Misia

More traditional than Mariza, Mísia is considered one of the best voices in fado history, a worthy descendant of Amalia Rodriguez. A pioneer, a free spirit – Mísia is more than a simple interpreter. Mísia is the leading Portuguese tradition forward, being a true ambassador of music, recognized worldwide, standing testimony to this are all orders, awards, medals and prizes she won.

Mísia’s life was shaped by musical, geographical and poetic journeys – a necessity for an artist who grew up in nonconformity and exuberance under the influence of two cultures: the father (quiet Portuguese bourgeois culture) and the mother and grandmother (Spanish art world). She spent her childhood in Porto, her birthplace. She sang fado for the first time there, for workers who came to Casas de Fado. She then moved on to Barcelona, Madrid, Paris and the final stop – Lisbon.

When she arrived in Lisbon, she began to discover other people’s hostility towards fado; hostility that began with the fall of Salazar’s dictatorship. Fado was used by the authorities as a tool for propaganda, repression and mental manipulation of the population. Aside from some great poems, songs spoke only about the ethos of the Portuguese people – obedient, poor, lacking ambition, but pleased. Therefore, Mísia was faced with a great test. She began to explore fado, to make an inventory of songs, looking for traditional fado songs and contacting poets to ask them to write new lyrics. She brought the violin and accordion back, traditional for fado music she used to hear ont the streets in her childhood, but with piano accompaniment from the aristocratic salons of the nineteenth century. Mísia is the one that, with huge effort, managed to wholly reconstruct fado aesthetically, both as substance and shape.

From the outset, Mísia had enemies. The left wing accused her of focusing on the conservative side of the genre, while the traditionalists disapproved of her message and image, as well as of her collaboration with poets known for their political involvement. Despite these attitudes, Mísia has persevered and wass dedicated to her vision. Without much though, going over all the critiques and risking isolation, Mísia opened new horizons in fado, being a pioneer of the genre.

Early successes that she acknowledged beyond borders: in Spain and Japan, then in France and Germany. Later, she started to become known throughout the world, developing an extensive international career. In 1993 she became the second artist, after Amalia Rodriguez, who took fado to some of the world’s biggest stages and even in places where fado was never heard before.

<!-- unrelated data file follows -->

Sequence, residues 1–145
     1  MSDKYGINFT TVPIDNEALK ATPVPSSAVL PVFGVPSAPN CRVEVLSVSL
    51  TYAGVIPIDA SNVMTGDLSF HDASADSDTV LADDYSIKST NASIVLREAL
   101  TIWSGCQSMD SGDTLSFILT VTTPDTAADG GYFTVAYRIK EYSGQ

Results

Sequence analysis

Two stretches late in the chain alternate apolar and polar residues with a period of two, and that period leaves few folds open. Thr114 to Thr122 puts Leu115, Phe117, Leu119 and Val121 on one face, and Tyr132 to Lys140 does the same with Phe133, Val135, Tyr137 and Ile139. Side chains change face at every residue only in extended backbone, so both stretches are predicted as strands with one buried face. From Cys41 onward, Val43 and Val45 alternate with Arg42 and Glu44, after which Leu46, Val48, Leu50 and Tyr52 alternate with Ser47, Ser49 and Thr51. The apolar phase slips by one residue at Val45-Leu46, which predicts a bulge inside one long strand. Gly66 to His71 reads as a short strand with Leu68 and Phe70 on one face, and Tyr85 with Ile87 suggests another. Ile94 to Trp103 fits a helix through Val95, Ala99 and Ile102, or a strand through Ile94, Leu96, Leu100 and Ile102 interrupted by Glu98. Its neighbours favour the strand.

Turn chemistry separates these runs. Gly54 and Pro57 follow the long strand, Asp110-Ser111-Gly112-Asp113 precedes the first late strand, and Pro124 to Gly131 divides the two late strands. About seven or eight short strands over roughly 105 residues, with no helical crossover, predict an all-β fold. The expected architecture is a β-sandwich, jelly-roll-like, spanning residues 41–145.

Since her first solo album, public response was enthusiastic to the unparalleled creativity of Portuguese music. Her projects have received worldwide recognition and sales went up. Mísia received award after award. Her second album, “Mísia Fado”, was released in Japan, South Korea and Spain. “Tanto menos, tanto mais” was awarded the Académie Charles Cros prize. “Garras dos Sentidos” was sold in 250,000 copies. For the first time, accordion, violin and piano were heard together in fado songs. “Ritual”, a tribute to artists from Casas de Fado, covered a repertoire of folklore songs. After the release of the album, Mísia brought fado for the first time, one the legendary stage from Papal Palace in Avignon Festival. Later, the album “Canto” marked a distance from fado, based on instrumental music of Portuguese guitarist and writer Carlos Paredes. A string quintet completed the album, which won the Critics’ prize in Germany. “Drama Box” was really an album full of passion, including tango, bolero and fado, Mísia having Fanny Ardant, Miranda Richardson, Ute Lemper, Carmen Maura and Maria de Medeiros as guests.
She was awarded, over time, with Portugal’s Order of Merit Medal, the Great Red Medal of Paris, the French Order of Arts and Letters Award, the German Musical Critics Award, International Festival of Artistic and Educational Film, Grand Prize of the Charles Cros Academy and many more.

This is, in short, Mísia. She will come to Timişoara to sing her soul out on our stage at PLAI, Saturday, September 11, 2010. This concert won’t be only for the connoisseurs because Mísia’s music addresses everyone.

Mísia’s performance at PLAI Festival Timişoara will also represent her latest album’s launch in Romania for the double album “Ruas”. It is a complex double album, where the “ruas”(street) are presented to us: life’s streets; the roads of sadness, of love, of absence; the roads of all roads, roads of fate; fado roads – streets that we all struggle on until our last breath. Streets – these places of crossing, meeting and parting, on which we are passing daily trying to live our lives.

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